Open to just about any page and find passages like this:
Into this body
As a nectar of the gods.
Every breath is a whisper
Of the Goddess:
“Here is the ritual I ask of you –
Be the cup
Into which I pour this bliss
The elixir of immortal peace.”
I hope that gives you a few ideas for new (or revisited) reading.
Feel free to share your faves in the comments below! It’s always nice to get the hivemind on topics like this. 🙏❤️
Please check out my free class, Yoga for Greater Nervous System Resilience and Brain Function here.
This is awesome. Thank you! I am always wondering where my inspiration will come from, especially as my life, my kids and so many aspects of my everyday life seem to be culmination into something less then inspiring.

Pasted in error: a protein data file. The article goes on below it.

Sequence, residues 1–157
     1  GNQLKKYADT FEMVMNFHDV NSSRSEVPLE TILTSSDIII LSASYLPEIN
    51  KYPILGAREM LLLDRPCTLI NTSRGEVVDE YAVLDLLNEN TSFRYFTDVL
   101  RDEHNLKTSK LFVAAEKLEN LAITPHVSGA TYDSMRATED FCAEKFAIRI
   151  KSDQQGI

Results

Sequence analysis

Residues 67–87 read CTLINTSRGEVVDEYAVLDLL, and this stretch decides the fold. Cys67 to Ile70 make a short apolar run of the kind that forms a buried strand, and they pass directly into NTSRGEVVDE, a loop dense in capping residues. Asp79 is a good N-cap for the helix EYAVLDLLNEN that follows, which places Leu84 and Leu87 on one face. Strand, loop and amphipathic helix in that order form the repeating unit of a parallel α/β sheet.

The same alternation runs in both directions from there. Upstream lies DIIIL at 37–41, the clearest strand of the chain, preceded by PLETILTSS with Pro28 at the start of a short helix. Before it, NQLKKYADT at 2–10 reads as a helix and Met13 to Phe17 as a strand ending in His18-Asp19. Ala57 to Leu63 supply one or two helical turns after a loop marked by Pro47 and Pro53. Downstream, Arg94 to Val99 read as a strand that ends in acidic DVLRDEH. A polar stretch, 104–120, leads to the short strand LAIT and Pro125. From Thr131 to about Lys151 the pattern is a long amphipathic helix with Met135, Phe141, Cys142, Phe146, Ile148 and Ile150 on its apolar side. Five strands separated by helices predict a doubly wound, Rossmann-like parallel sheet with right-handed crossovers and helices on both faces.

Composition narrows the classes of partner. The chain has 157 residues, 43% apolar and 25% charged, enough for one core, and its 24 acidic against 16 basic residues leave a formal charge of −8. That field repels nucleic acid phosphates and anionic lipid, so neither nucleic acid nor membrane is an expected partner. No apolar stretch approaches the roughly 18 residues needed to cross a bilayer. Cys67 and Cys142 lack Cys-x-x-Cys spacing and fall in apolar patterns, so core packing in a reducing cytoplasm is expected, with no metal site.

I wonder, after all my teaching and years of practicing yoga, why I can’t rise to the occasion. Teaching sometimes feels so difficult when feeling to responsibility to be and inspiration. I’ve totally let that go and trying to be authentic and honest with my own pain.
I’ve been following you posts and have purchased all your classes, of which I love!!! I just had to reach out and respond to this post because…. I feel it!
I feel your pain Janet – you gotta fill up the cup as much as you can – particularly when it gets so drained so often from so many different directions.
Loving your items, but I can’t afford to sign up just now.
Like you, I value ‘going back to the sourc ‘ for authentic inspiration. Yama and Dharana, by Susan Lodge, are books which present complete yoga courses based in the Yoga Sūtra of Patanjali. Full of practical ideas for asana, pranayama and contemplation, relevant quotes and ‘off the mat practices’. 😊